Creativity inherently involves high level of challenges, uncertainties and risk, because new ideas are not guaranteed to deliver the desired outcome. In addition, the new ideas generated by followers may not be necessarily encouraged or accepted by their leaders (Zhang and Zhou, 2014). Therefore, a work environment that it is safe to take interpersonal risks and express new ideas is critical for follower creativity, because the environment can motivate and increase one’s willing to show creativity (Carmeli et al., 2010). Specifically, in a psychologically safe environment, they are more likely to take risks and express new ideas because the perception of safe climate allows them to overcome the anxiety and fear of failure (Frazier et al., 2016). In contrast, in a psychologically unsafe environment, they are more likely to develop defensive orientation and are less likely to show creativity at work (West and Richter, 2008). In consistent with our argument, psychological safety has been found to positively influence follower creativity (e.g., Jiang and Gu, 2016).

In sum, the preceding discussion suggests that humble leadership contributes to psychological safety, which in turn encourages follower creativity. We thus expect psychological safety to mediate the influence of humble leadership on follower creativity. In support for the proposal, prior research has indicated that psychological safety plays a mediating role in the relationship between leadership and follower creativity (e.g., Carmeli et al., 2010). Therefore, we hypothesize the following:

Hypothesis 1: psychological safety mediates the relationship between humble leadership and follower creativity.

The Moderating Role of Knowledge Sharing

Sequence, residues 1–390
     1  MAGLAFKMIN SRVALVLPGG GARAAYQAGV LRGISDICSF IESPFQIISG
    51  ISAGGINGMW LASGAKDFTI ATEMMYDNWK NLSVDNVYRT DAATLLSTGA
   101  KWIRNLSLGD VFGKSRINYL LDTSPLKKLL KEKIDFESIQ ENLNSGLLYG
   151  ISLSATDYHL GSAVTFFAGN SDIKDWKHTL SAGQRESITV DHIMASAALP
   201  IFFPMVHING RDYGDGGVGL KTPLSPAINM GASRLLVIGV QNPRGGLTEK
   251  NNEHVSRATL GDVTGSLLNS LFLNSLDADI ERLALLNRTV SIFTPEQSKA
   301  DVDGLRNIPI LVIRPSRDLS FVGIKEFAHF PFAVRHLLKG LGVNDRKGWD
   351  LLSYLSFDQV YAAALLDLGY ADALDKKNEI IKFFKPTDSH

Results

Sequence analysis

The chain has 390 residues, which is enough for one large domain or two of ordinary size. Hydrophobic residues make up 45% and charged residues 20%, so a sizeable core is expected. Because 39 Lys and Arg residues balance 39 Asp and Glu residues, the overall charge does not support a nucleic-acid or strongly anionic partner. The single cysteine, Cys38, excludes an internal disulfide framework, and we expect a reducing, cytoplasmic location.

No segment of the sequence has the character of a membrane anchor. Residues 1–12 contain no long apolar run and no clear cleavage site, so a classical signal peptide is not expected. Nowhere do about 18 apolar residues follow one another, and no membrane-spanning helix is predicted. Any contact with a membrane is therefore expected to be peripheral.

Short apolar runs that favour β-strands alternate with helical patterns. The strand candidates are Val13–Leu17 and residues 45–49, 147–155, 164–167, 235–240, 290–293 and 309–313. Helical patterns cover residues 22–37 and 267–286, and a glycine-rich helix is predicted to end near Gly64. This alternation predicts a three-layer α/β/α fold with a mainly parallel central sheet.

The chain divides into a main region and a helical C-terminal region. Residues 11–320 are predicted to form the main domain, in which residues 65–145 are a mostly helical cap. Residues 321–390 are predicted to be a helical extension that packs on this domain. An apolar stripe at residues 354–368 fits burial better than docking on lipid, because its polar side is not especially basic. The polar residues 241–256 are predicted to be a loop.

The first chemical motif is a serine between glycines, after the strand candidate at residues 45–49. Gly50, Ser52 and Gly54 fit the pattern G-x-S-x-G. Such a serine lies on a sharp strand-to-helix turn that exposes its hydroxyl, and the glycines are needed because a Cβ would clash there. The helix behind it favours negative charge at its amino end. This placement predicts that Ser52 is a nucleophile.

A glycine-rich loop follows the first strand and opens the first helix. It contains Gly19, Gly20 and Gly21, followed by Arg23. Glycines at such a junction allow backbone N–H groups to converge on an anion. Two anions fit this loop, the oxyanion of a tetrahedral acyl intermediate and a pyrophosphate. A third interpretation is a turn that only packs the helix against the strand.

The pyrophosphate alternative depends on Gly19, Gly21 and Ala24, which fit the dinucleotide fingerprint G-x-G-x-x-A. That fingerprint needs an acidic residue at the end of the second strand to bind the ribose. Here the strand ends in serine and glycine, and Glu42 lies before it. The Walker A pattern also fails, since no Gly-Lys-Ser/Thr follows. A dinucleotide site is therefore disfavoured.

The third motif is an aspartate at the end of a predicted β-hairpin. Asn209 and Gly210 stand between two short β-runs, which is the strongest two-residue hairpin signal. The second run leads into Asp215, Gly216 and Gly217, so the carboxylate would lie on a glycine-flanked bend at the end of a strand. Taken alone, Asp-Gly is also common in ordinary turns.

As noted earlier, creative idea generation is a process of knowledge creation that requires recombining internal and external knowledge into new forms (Radaelli et al., 2014). Internal knowledge is tacit knowledge and expertise that the individual has already possessed, whereas external knowledge is explicit and from others (Carmeli et al., 2013). Therefore, followers never generate new ideas in isolation from other team members, but need to exchange experiences, opinions and information with them (Radaelli et al., 2014). The process where followers mutually exchange their knowledge and information is defined as knowledge sharing (Bai et al., 2016). Considering that the exchange of knowledge is a valuable source of creative ideas (Carmeli and Paulus, 2015), we argue that knowledge sharing may moderate the positive influence of psychological safety on follower creativity. In a psychologically safe environment, the presence of knowledge sharing provides the fundamental means to acquire a wide range of information, knowledge and ideas, which are necessary for follower creativity (Mittal and Dhar, 2015; Bai et al., 2016). In addition, the process of knowledge sharing, beyond the knowledge itself, may also help the generation of creative ideas by facilitating problem identification and enhancing followers’ cognitive abilities (Carmeli et al., 2013; Cheung et al., 2016). More specifically, knowledge sharing allows followers to discuss various problems, thus deepens their understanding of those problems, and helps them identify opportunities for improvement (Cheung et al., 2016). Knowledge sharing also enables followers to fully use internal and external knowledge, thereby enhancing their capacities to develop creative ideas (Carmeli et al., 2013). In contrast, when followers minimally engage in the process of exchange, they may not acquire useful knowledge and information from others. This may be not conductive to followers’ creative engagement, such as processing information and integrating different perspectives, even though they are willing to take risks and express new ideas in a psychologically safe environment. Without additional information, information search and encoding, new ideas will resemble old ideas, thereby leading to less creativity (Carmeli et al., 2013). We thus expect that knowledge sharing and psychological safety should have a joint influence on follower creativity. In other words, follower creativity may be at its highest level when the two conditions are present. Therefore, we propose the following hypothesis: